From APRN, Monday, August 23, 2010:
A Southeast Alaska hydropower plant is closer to completion. A $9 million Alaska Energy Authority grant is the final piece of the funding puzzle for the Prince of Wales Island’s Reynolds Creek project.
Listen online: Southeast Hydropower Plant Approaches Completion
From The Associated Press, Wednesday, August 18, 2010:
A developer of tidal power in the nation’s northeastern corner is reporting success with its first commercial-sized underwater turbine, putting it on track to have one connected to the power grid by the end of 2011, officials said Wednesday.
Ocean Renewable Power Co. describes its proprietary 60-kilowatt turbine generator as the largest ocean energy power plant ever installed in U.S. waters.
So far, the unit has met or exceeded specifications for power in testing this year in the waters of eastern Maine, said Chris Sauer, president and CEO.
“It’s a critical step to our first commercial unit that’ll be connected to the grid in little more than a year now,” Sauer told The Associated Press. He touted the underwater turbine’s success as “a huge milestone for America’s ocean energy industry.”
Continue reading: Maine company says underwater turbine is a success
From APRN, Friday, August 13, 2010:
For years, the Aleutian village of Akutan has seen the energy potential in its hot springs and fumaroles. Now, it looks like that potential might be realized.
In July, work began on two exploratory wells. The first one was drilled on July 16, and it’s producing hot water at more than 360 degrees. The exploration team is drilling a second well, and they’re optimistic that the water will be similarly warm.
If it is, the exploration phase will end and the city of Akutan will start working on a power plant that would harness the steam from the ground and use it to power electrical turbines. Ray Mann is Akutan’s project manager, and he’s been working closely on the exploration project. He explains that Akutan – with its hot water at shallow depths – is particularly well suited for a renewable energy project like this.
Right now, Akutan uses diesel as its main energy source. Mann says because the cost of energy is already high and expected to get higher in the future, a geothermal plant could help save Akutan’s residents a good deal of money.
Continue reading: Akutan geothermal test exceeding expectation
From Capital City Weekly, Monday, August 9, 2010:
Residents of Juneau concerned with an increase in their monthly utility bills might find it easy to forget that in some Southeast communities, energy woes have been a constant issue for years. Rural areas like Angoon, heavily dependent on fossil fuels, face energy prices as high as ten times the national average. A new project, headed by the Central Council of Tlingit and Haida Indian Tribes of Alaska, aims to change that.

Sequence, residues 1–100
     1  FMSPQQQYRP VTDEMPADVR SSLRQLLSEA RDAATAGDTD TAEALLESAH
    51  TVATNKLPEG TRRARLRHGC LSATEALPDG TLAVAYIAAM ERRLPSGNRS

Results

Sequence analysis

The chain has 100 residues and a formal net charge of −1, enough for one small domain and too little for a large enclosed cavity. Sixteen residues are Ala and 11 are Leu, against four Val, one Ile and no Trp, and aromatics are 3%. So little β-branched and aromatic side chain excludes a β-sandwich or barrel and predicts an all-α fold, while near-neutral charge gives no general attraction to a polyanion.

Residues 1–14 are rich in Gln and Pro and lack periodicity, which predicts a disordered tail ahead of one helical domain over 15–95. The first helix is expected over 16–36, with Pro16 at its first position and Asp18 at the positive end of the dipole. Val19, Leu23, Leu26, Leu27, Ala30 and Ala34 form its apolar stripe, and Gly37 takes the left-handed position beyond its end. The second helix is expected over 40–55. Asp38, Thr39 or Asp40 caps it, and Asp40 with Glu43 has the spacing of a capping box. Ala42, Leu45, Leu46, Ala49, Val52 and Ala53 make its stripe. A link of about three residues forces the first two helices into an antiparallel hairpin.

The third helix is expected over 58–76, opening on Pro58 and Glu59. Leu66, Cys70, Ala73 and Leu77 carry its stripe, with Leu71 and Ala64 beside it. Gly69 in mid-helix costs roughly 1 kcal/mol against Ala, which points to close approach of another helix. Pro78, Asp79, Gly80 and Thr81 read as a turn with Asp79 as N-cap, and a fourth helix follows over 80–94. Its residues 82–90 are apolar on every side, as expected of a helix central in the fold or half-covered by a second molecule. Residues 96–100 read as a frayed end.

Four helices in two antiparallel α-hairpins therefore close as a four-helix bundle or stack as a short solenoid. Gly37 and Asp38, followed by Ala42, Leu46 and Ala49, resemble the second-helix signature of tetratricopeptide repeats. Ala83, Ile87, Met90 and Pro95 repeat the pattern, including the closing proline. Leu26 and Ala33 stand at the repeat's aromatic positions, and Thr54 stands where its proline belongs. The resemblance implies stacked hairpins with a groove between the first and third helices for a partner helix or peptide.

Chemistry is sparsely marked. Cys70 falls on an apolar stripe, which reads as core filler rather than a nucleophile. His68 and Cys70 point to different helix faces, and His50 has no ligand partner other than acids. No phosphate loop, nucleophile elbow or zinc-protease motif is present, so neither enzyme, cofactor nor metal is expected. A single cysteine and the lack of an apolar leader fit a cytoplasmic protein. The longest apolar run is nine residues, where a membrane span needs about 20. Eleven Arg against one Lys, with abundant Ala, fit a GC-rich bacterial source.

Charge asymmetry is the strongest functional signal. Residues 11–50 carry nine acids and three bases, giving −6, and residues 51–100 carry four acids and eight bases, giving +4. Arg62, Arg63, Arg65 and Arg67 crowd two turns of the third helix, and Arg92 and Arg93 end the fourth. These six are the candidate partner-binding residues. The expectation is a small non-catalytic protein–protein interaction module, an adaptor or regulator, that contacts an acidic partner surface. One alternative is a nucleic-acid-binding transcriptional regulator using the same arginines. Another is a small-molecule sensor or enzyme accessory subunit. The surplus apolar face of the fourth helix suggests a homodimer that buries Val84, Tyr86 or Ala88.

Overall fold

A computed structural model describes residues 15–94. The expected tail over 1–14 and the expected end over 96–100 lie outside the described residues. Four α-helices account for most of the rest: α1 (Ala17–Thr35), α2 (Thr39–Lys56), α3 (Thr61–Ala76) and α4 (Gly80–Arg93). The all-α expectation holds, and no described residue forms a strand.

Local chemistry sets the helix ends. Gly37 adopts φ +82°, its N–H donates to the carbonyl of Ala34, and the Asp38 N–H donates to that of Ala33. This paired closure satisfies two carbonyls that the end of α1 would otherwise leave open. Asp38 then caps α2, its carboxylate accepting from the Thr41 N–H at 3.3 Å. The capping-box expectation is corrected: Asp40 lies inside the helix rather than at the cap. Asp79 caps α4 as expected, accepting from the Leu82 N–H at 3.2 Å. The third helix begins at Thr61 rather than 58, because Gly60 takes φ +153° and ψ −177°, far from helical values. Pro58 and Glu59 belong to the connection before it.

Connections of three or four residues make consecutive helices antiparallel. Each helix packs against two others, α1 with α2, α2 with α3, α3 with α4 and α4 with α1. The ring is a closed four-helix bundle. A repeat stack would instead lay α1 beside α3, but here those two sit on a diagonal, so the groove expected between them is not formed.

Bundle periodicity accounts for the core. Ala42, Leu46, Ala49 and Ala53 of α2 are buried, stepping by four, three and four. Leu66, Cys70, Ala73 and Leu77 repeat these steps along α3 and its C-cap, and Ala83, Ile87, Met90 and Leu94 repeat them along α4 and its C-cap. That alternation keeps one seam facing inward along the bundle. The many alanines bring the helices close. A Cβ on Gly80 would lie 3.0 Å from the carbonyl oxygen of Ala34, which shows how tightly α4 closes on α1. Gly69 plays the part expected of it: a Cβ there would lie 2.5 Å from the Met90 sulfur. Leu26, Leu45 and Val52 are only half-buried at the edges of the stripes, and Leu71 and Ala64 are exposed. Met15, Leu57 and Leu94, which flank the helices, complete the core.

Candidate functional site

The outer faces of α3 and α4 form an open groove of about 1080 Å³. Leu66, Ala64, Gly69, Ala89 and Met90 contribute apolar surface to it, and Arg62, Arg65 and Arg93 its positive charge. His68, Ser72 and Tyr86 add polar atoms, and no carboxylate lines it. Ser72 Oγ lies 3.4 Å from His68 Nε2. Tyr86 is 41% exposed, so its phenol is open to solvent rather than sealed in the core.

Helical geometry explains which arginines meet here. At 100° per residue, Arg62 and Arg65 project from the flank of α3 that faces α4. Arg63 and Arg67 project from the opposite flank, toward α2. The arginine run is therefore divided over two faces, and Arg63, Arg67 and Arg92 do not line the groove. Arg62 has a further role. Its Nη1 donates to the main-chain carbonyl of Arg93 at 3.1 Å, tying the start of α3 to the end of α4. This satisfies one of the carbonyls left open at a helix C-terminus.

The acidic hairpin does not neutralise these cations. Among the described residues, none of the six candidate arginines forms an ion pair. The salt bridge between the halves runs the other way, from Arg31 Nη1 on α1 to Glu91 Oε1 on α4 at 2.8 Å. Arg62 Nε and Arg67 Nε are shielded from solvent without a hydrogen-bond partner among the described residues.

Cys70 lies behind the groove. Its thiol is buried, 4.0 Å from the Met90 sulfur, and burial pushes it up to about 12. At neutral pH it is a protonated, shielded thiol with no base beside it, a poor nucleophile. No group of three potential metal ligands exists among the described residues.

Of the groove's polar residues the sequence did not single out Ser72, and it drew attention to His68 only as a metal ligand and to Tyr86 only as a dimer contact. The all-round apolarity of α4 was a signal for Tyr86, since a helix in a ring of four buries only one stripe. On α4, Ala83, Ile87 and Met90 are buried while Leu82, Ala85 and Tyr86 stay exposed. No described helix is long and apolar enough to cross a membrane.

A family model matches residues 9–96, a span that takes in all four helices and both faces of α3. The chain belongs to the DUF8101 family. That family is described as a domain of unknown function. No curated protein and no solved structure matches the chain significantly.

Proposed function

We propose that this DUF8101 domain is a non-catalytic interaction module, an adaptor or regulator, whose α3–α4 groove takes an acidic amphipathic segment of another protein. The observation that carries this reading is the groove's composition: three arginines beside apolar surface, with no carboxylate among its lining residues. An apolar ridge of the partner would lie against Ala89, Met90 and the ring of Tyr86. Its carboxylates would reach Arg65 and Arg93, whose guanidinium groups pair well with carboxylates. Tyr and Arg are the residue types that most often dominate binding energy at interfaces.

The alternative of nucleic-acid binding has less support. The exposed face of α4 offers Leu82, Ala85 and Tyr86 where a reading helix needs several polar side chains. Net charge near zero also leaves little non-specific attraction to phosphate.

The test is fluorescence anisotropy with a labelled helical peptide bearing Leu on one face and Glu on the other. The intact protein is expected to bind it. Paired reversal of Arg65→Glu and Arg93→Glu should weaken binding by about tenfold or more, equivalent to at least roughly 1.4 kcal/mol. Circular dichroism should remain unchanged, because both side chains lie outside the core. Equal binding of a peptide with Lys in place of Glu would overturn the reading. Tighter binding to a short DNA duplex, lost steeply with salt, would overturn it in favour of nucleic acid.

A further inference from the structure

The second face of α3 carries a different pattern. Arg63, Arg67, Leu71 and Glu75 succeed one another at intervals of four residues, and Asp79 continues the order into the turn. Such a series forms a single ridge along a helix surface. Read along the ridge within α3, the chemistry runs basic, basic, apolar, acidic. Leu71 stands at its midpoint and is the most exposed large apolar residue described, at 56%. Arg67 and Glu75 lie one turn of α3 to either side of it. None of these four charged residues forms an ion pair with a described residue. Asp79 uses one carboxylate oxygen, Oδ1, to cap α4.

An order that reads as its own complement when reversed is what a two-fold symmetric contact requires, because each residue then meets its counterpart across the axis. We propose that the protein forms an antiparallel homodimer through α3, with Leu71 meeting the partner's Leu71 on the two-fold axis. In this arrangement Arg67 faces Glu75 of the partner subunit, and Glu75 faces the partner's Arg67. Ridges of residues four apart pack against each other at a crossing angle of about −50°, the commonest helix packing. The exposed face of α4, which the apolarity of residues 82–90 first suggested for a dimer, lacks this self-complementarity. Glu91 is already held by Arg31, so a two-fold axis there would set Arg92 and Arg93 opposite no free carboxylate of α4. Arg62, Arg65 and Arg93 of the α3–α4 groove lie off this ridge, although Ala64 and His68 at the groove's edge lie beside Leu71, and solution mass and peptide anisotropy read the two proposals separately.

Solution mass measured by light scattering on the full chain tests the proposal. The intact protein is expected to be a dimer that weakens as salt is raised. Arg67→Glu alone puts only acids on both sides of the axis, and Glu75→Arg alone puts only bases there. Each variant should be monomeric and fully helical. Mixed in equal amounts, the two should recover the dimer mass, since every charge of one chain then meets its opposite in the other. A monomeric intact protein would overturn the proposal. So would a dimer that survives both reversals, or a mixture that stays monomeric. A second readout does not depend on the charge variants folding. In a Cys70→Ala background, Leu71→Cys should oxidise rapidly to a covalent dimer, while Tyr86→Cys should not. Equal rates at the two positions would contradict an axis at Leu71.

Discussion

Dan Lesh, energy coordinator for the Southeast Alaska Conservation Council, said the goal of the sustainability project is to show how efficiency and renewability can cut energy costs in rural villages.
Lesh said the cost of energy is exceptionally high in Angoon. The upper limit can be as high as $1,200 per month for a single household, he said, with the average cost in the $300 to $500 range.
“It’s one of the biggest issues in these small communities,” Lesh said.
From The New York Times, Wednesday, July 28, 2010:
With a cap on carbon dioxide an apparent nonstarter in the Senate these days, some clean energy and climate advocates have shifted their sights to a scaled-back but still ambitious goal: passage of a national renewable electricity standard.
Such a law would require utility companies to produce a set amount of electricity from renewable sources by a certain date, spurring the development of clean sources like wind and solar and probably lowering overall emissions nationally. Perhaps most important, some argue that with a strong push by the president, such a measure could actually clear the high bar for passage of 60 votes in the Senate this fall.
Continue reading: A Push for Action on Renewables
From The Associated Press, Thursday, July 22, 2010:
Salmon processed at a Kodiak plant will be getting a new tag.
Island Seafoods plans to tout the plant’s connection with sustainable energy on a new label.
General manager John Whiddon tells the Kodiak Daily Mirror it may say, “sustainable fish produced by clean, sustainable wind turbine energy.”
Island Seafoods uses power that’s produced in part by Kodiak Electric Association’s Pillar Mountain wind turbines.
The utility began using the three 1.5 megawatt turbines last summer. They have saved the utility more than 900,000 gallons of diesel fuel.
The utility’s president, Darron Scott, suggested the joint marketing agreement with Island Seafoods.
From The Associated Press, Friday, June 9, 2010:
The Naknek Electric Association is drilling a well near King Salmon to test the potential for geothermal energy.
Association General Manager Donna Vukich told KTUU-TV the search for renewable energy from underground heat has been a 10-year, $20 million project. If successful it could serve villages across Bristol Bay. The project requires a second test well to be drilled in September.
Naknek Electric currently relies on diesel to generate electricity.
From The Associated Press, Sunday, July 4, 2010:
A Southeast Alaska hydroelectric project has come in millions over budget, but is expected to bring Juneau plenty of power for years to come.
Alaska Electric Light & Power now is trying to persuade the Regulatory Commission of Alaska to let it raise its rates.
The utility is trying to show that it deserves to collect an extra $15.8 million or more in additional revenue after finishing the project. The utility says it wants $12.6 million at first and the rest can come later.
Continue reading: Hydroelectric project millions over budget